This policy is implemented by all EU Member Statesin line with the European Commission guidelines on state aid related to energy and the environment (EEAG 2014).
There is therefore a clear need to take measures to ensurethat the country’s energy-intensive industries which are exposed to international competition can become more competitive, with immediate priority being given to the following:
- Notifying the European Commission of a mechanism reducing PSO charges, according to the EEAG.
- Exemption of eligible industries from all additional charges in the supply (indicatively, the variable cost weighted average or thermal power stations, Power Availability Certificates), according to the European Commission’s Guidelines.
- Reduction of the System Usage Charge, in stages, for annual consumptions higher than 30-35 GWH, in combination with consumption profiles (> 65-70%).
- Equation of the VAT of the MT industries with annual consumption > 13GWh with the VAT of the IT industries.
- Exemption from the Special Consumption Tax for electricity used in mineral processing (cement, glass), in the context ofharmonizing Greek legislation with the European Directive 2003/96/EC.
PWC study conducted on behalf of the Belgian Energy Regulatory Authority CREG: “A European comparison of electricity and gas prices for large industrial consumers”.
Establishing an effective mechanism offsetting CO2
According to the new guidelines concerning offsetting the indirect costs of CO2 emissions (2021-2030) subject to consultation by the European Commission, the offsetting is set at 75%, with the additional possibility for Member States being introduced, for the first time, to further reduce the burden of the indirect costs of CO2 emissions, in relation to the gross value added of companies belonging to sectors for which the burden, even after the application of a 75% compensation, remains disproportionately high.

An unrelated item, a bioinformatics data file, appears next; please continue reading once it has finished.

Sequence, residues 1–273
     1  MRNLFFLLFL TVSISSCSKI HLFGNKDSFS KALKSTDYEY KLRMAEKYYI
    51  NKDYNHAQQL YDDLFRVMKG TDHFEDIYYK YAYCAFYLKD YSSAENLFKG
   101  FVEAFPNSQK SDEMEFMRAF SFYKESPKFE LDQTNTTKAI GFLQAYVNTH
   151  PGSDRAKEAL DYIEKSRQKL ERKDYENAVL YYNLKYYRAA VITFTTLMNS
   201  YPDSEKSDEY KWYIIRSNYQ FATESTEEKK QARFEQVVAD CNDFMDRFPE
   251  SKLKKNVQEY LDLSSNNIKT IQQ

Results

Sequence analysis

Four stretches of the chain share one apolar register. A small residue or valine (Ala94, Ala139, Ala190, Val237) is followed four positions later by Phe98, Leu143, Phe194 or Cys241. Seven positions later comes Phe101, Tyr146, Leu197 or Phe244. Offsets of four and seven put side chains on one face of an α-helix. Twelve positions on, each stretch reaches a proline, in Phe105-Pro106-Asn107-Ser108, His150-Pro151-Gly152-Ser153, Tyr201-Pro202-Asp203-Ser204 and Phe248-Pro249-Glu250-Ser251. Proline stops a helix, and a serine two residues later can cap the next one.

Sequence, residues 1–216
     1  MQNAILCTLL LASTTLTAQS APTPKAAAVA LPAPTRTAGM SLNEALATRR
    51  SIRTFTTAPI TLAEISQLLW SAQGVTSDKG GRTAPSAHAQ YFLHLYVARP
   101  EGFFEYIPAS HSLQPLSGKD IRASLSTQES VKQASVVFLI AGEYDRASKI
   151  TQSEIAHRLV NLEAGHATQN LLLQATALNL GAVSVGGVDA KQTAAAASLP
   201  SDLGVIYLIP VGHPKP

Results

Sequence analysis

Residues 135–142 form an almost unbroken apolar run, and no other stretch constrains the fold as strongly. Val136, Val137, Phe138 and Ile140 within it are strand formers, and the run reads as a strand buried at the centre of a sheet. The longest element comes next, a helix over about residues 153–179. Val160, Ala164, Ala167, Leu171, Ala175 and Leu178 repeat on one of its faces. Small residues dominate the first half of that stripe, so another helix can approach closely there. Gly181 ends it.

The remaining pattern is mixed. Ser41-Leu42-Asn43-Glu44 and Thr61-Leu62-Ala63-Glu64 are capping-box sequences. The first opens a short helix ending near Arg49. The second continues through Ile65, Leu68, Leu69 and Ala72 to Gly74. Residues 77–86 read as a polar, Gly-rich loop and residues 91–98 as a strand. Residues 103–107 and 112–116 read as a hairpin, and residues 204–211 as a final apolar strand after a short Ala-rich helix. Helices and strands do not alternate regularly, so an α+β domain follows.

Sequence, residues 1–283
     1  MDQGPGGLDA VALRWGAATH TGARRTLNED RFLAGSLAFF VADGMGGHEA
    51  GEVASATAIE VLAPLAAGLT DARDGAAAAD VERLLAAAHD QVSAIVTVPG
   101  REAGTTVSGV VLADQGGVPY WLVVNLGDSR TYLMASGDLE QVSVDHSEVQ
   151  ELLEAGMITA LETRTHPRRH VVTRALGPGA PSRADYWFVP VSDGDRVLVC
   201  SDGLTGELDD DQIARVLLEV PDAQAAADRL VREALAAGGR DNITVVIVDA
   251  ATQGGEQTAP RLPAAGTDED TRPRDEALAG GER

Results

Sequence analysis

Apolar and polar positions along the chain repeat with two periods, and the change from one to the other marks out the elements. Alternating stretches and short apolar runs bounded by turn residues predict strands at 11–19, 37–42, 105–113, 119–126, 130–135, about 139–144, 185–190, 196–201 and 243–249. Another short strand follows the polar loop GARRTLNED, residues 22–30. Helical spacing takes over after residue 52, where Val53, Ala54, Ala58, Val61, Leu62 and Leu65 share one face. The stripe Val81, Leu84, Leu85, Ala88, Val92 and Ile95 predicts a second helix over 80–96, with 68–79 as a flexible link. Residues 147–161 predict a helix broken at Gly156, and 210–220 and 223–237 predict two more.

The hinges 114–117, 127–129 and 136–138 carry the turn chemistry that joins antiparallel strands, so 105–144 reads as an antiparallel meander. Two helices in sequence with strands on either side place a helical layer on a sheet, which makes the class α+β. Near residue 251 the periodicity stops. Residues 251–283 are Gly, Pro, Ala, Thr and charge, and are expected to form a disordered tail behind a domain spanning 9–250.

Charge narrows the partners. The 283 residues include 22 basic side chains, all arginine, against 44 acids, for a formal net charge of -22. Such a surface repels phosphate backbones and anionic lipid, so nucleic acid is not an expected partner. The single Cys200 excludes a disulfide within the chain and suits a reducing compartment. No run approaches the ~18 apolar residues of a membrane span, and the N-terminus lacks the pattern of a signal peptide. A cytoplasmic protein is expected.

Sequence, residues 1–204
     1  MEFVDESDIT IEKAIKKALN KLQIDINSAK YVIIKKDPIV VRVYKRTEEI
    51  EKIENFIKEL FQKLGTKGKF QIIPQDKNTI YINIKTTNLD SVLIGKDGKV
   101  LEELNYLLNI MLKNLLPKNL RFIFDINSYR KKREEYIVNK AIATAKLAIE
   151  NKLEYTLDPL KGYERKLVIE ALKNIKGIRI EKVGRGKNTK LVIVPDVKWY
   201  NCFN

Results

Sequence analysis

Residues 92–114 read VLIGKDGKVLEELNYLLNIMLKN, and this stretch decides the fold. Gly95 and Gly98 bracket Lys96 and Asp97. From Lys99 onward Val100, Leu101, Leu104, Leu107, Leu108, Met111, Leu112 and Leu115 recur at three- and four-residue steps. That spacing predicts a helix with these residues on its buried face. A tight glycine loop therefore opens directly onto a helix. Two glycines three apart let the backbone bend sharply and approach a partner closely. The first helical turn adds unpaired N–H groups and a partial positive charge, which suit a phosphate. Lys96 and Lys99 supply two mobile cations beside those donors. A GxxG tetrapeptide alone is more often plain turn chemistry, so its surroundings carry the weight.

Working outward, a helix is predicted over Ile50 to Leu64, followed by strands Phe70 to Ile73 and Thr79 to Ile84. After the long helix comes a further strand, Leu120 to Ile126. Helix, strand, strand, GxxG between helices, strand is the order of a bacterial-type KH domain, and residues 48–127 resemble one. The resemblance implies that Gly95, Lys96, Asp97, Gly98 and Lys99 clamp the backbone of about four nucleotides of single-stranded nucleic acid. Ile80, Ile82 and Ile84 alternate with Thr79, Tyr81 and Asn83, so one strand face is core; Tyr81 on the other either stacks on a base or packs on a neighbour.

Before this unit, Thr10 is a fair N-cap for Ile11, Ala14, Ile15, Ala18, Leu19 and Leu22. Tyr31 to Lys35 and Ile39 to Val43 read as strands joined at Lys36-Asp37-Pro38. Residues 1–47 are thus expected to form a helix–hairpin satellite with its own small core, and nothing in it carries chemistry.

With the publication of the new guidelines in the coming months, the Ministry should immediately notify the European Commission of the new mechanism for offsetting the indirect costs of CO2 emissions, by instituting the possibility of further reducing the burden in relation togross added values.
At the same time, the Ministry should immediately issue a ministerial decision, which will ensure that up to 20% of the proceeds from CO2 emissions allowances auctions will be used to finance the mechanism for offsetting the indirect costs of CO2 emissions.
In conclusion, if the goal for our country is to rehabilitate a productive economy and attract productive value-added investments, enabling industry to access competitively priced energy should be made a top priority.
In this regard, there is a clear need to take measures to ensure the competitiveness of the country’s major industries which are exposed to international competition, with interventions in all the individual parameters that shape final energy costs, with an emphasis on the following:
- Restructuring of the Greek electricity market in combination with additional measures which will aim at creating effective competition conditions in the market and encouraging demand participation.
- A rationalization of regulated charges under the Commission’s State Aid Guidelines in the fields of energy and the environment as well as the approved practices followed by European countries.
- Institutionalizing an effective mechanism for compensating for CO2 costs.